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Re: Discussion on Indian Special Forces

Postby Aditya G » 20 Oct 2016 23:37

Now with local police investing and scaling up their local SWAT units, where does that leave NSG's "Ranger" i.e. CAPF battalions? The possibility of Bluestar or Black Thunder style sieges seems remote, which was the rationale behind SRGs. Taj Hotel and EDI attacks happened but we did not exactly see NSG battalions poured into each room to secure and cutoff the terrorists. What is the point of having such a large force?

NSG exercise with Force 1 in Mumbai:

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Re: Discussion on Indian Special Forces

Postby Theeran » 20 Oct 2016 23:41

I learnt this while watching the Dallas shooter story. the dude was doing what they call slicing the pie around the pillar. Shouldn't these guys be doing the same? granted it is just one photo and there is no context here. Just wondering.

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Re: Discussion on Indian Special Forces

Postby Aditya G » 21 Oct 2016 00:37

9SF achievements - for records.

1998 - Trans LC ops 8)

Also noticed Op Rakshak phase is IV now

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Re: Discussion on Indian Special Forces

Postby rkhanna » 21 Oct 2016 16:40

"I learnt this while watching the Dallas shooter story. the dude was doing what they call slicing the pie around the pillar. Shouldn't these guys be doing the same? granted it is just one photo and there is no context here. Just wondering.
"

The Operators would have already "Sliced the Pie" to come to the Position they are currently in. Also - Factor in multiple team members covering multiple angles (not just one/two shooters) - - This is open space and a fairly large Team would have to spread out and advance pretty quickly to cover such a large Garage.

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Re: Discussion on Indian Special Forces

Postby Aditya G » 22 Oct 2016 00:56

Image

MARCOs with SVD-K - desi version of HITRON?

The purpose of SVDK is to deal with targets which are too hard for standard 7.62×54mmR sniper rifles like SV-98 or SVD, such as assault troops in heavy body armor or enemy snipers behind cover.

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Re: Discussion on Indian Special Forces

Postby sum » 26 Oct 2016 11:23

From Maverick blog(Clicky)

In the days of old a warlord in a distant land approached a very capable police officer in India and spoke about his fears that India's neighbor was building and testing nuclear weapons. To find out if this was actually the case a special group of people was set up. The selection process for this special group was quite tough. People with a certain flair for independent thinking and coherent action were selected. The emphasis was on people who were very fit but did not have to be given very detailed orders for every little thing and were willing and able to do whatever was needed to make it all hold together.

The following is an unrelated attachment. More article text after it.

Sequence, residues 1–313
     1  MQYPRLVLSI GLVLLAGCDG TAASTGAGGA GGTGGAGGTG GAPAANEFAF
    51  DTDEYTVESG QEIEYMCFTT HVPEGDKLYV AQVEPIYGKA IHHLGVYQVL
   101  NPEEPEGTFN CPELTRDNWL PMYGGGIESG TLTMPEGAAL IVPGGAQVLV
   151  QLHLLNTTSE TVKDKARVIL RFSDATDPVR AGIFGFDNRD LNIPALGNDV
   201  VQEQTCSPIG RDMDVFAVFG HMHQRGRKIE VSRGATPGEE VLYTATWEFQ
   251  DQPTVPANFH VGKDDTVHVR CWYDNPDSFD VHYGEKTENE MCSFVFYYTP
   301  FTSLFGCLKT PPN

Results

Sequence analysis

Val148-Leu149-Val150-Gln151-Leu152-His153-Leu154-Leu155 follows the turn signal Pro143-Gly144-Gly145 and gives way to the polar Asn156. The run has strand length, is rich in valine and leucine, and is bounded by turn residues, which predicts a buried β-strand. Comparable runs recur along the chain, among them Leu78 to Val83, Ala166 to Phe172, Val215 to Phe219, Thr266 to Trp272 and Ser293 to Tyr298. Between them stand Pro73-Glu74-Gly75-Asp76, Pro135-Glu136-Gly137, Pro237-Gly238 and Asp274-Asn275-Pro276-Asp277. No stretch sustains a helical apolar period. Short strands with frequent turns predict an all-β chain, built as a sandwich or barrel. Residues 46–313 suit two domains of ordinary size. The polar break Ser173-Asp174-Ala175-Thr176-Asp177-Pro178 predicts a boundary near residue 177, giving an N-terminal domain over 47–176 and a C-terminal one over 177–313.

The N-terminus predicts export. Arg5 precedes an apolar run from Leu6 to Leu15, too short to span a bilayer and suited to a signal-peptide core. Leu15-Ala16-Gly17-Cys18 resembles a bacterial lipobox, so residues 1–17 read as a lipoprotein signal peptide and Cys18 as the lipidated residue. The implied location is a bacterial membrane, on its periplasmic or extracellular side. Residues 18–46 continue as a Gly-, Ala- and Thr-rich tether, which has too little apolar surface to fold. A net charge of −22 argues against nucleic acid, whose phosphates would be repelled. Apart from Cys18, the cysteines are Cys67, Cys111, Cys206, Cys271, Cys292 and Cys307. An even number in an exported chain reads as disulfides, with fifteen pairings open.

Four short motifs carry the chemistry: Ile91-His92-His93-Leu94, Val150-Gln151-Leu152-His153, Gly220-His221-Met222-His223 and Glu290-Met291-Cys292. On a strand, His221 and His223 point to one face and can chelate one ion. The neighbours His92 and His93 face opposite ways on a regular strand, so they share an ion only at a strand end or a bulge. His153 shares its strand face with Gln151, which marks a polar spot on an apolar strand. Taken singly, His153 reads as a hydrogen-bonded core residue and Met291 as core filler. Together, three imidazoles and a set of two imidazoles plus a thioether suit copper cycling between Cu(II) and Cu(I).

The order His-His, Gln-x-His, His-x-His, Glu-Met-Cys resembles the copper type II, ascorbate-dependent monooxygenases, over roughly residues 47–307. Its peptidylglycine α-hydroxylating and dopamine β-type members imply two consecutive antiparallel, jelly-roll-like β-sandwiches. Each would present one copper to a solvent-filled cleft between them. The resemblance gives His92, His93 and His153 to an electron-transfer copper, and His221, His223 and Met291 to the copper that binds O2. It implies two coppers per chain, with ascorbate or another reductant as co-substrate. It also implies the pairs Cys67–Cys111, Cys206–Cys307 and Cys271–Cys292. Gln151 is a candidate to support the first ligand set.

This special group climbed mountains and looked over the horizon at what was happening. They also trekked deep within the neighbor's yard and repeatedly picked up the neighbor's family members and asked them if they knew anything about his nuclear intentions. As long as they could determine that neighbor did not intend to deploy nuclear weapons in his back yard there was a chance that the peace of a thousand years could remain.

The people of this special group sat in a set of old huts behind the President's house. They had unfettered access to parts of Hindon and Palam - which all they really seemed to need. It was a small low/no profile affair.

And as time wore on, the warlord lost interest in this part of the world but his friend the police officer grew in national stature. It was after all a small country back then and everyone knew everyone. The police officer was asked by his commander to help solve a vexing problem along the eastern border. Again he fell back on the men of the special group. Again they delivered. This became a pattern whatever was asked - they delivered with no questions. They did grumble occasionally but it was nothing compared to what they delivered.

What started as a small group of misfits - gradually morphed into a real but nameless establishment with a real sense of national thought. As they were usually the last steps of the national thought process - they became the real stakeholders in all policy making. Never has a small group of people had so much influence on the nation since the companions of Gandhiji.

What emerged from this establishment was a very lean and mean version of India's national security policy. A minimalist national thinking - long on substance and short on bullshit. Long after the policeman retired, the group continued to affect the way India thought about critical issues. As the national sphere expanded and threats morphed, the group grew in size to meet the various needs. Eventually a place was set up in Himachal Pradesh to gradually fill the ranks. The place was managed by the Army and the volunteers from the Army staffed the ranks. The standards were extremely high - about 1% of those that applied actually made it through. Those that got through were capable of picking up new languages, dialects, adapting to new cultures while still retaining the capacity for extreme physical exertion. This establishment became the mothership from which all other conflict resolution capabilities emerged. Whether it was hostage rescue, or riot control a variety of policing functions grew naturally from their roots planted by the establishment.